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Re: Square pegs in round holes

From: Graham Bellamy <dontwriteme_at_ask.first.com>
Date: Sun, 19 May 2002 03:19:03 +1000
Message-ID: <ac629i$a50$1@perki.connect.com.au>


"Mikito Harakiri" <mikharakiri_at_yahoo.com> wrote in message news:bdf69bdf.0205171404.5275cee6_at_posting.google.com...
> Nice continuation of some earlier thread.
>
> Don't store them the same way the materials are labeled, choose
> canonical units and transform anything to them. You might resist a to
> drop "buckets" from your database schema design, but you don't have a
> better choice. It is a job of your application to convert everything
> into your canonic units, and it's the application job again to present
> it back to the customer in the form he wants it to see.

So because Sand comes in bags, and Resin comes in 'Kits' (sometimes) and Primer could sometimes just be ordered by the liter, I would have to label the 'BktSize' column you show below as 'ContainerSize' or something? To show any units that vary b/w Materials, I would have to store them in another table, right?

> So a case
> statement in your application program is inevitable, but at least the
> database schema is as simple as it could be.
>
> The "normalized design" for your schema is:
>
> Type Thickness Rate(Sqm*mm/L) BktSize(L) TotalVolume(L)
> Cost($/L)
> Primer 1mm 0.99 20 40 0.50
> Resin N/A 0.85 15 45 0.34
> Sand N/A 0.73 N/A 22 0.22

Right, so that is telling me that it's ok to store repeated null data, which is not what I know as being normalized. Is this what people mean when they talk about de-normalization?

For convenience of standardising calculations, should I force the user to enter Rate in a certain format (eg. L/Sq.m instead of Sq.m/L - user uses both, depending on how it's written on the bottle). I've read it's not a good idea to make the user conform for my benefit.

Some treatments require a pigment to be added. The calculation of this is dependent upon Qty of other materials, which again changes from product to product. Examples of this:

Rate * (Total Qty of liquids [Primer + Resin + Sealers])
Rate * (Total Qty of Sealers only)
Rate * (Total Qty of Resin & Sealers [not Primer])

Keeping in mind that the client should be able to add new floor treatments, what info should be stored such that Qtys can be calculated without need for additional hard code?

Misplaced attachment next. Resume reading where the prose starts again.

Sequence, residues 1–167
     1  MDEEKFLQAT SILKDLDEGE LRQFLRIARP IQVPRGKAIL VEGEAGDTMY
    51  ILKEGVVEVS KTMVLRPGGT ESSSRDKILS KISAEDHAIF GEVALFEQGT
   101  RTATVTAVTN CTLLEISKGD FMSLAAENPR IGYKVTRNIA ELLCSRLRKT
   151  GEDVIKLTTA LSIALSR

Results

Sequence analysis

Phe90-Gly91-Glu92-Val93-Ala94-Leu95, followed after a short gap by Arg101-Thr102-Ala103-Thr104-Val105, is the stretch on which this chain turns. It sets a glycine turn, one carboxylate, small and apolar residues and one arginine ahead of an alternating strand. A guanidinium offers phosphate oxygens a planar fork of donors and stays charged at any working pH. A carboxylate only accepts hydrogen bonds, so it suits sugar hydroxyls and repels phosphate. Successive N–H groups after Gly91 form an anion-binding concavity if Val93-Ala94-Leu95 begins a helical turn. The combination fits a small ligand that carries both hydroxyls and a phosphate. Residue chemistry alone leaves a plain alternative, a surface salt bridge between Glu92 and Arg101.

Eg. Epoxy Screed requires Pigment, Qty=5% of ResinQty + 2% of all other liquid Qtys

Would I be close with:

tblTreatmentSpecs
tsCode Treatment Type ..... Requires Pigment

001    Epoxy Screed                Yes
002    Epoxy Rollcoat               No

tblMaterialSpecs   (so form can show user what units the values are in)
tsCode  Matl      RateUnit          QtyUnit    etc....
001       Primer    Sq.m/L                L
001       Resin      Sq.m/kg/mm        kg

tblPrimerSpecs
tsCode Material Rate#

001      Primer        1
001      Resins        2
001      Sealers       1

Then somehow allow user to enter the rates in a form, and come up with some code to figure out which materials to sum.

Man, I can see headache Case statements coming up. Though I'd be really screwed if eg. calc depended on all sealers except the first.

I think I'm going too deep with this. The client wanted a (relatively) quick db to be able to do his calcs quickly for quoting purposes, and if possible to come up with some Cost reports. But I can't think of a simple way to do this without restricting his ability to add new treatments after I'm gone.

Graham

> You might also add a density column if you want translating volume
> into weight (sorry, mass;-).
>
> Question: why Rate is close to 1, but always less than 1? Answer: it
> essentially determines the effectiveness of a material, describing how
> much of the product is waisted during the job.
>
> Of course, the obvous drawback is that one have to calculate Rate and
> Thickness even if you do wallpaper decorating. However, we don't even
> have to be presize: any realistic Thickness number would do and the
> Rate can be set just to 1. Then when you want to enter, say, 20 Sqm of
> wall paper into the database, just calculate the volume!
>
> The nice thing about physical units is that they are consistent and
> orthogonal. You can leverage it in real-life application.
>
> "Graham Bellamy" <dontwriteme_at_ask.first.com> wrote in message
news:<ac3gbf$82q$1_at_perki.connect.com.au>...
> > There are about 7 treatments (at present) that each have their own
little
> > calculation differences.
> > Some resin application rates are to be stored in kg/sq.m, so
Qty=Rate*Area
> > Some in sq.m/L, so Qty=Rate/Area
> > Some depend on thickness, and are in L/sq.m/mm, so
Qty=Rate*Area*Thickness
> > Then the hard bit:
> > Some could require Only 1 primer, Only 1 resin, Always 2 sands, but many
> > layers of Sealer.
> > Most come in buckets, so #buckets=Qty/BucketSize, so columns look like:
> > (Area=100, Thickness=4)
> > Type Rate Qty BktSize #Bkts $/bucket
MatlCost
> > Primer 5Sqm/L 20 18 2 75
150
> > Resin 0.2kg/Sq.m/mm 80 20 4 130
520
> > (Then many layers of sealer, so maybe another table, 1-many)
> > Sealer1
> > Sealer2.......
> > Then sand, which doesn't come in buckets, just the kilo amount:
> > Sand 1 0.1kg/Sq.m/mm 40 5 200
> > Sand 2 etc
> >
Received on Sat May 18 2002 - 12:19:03 CDT

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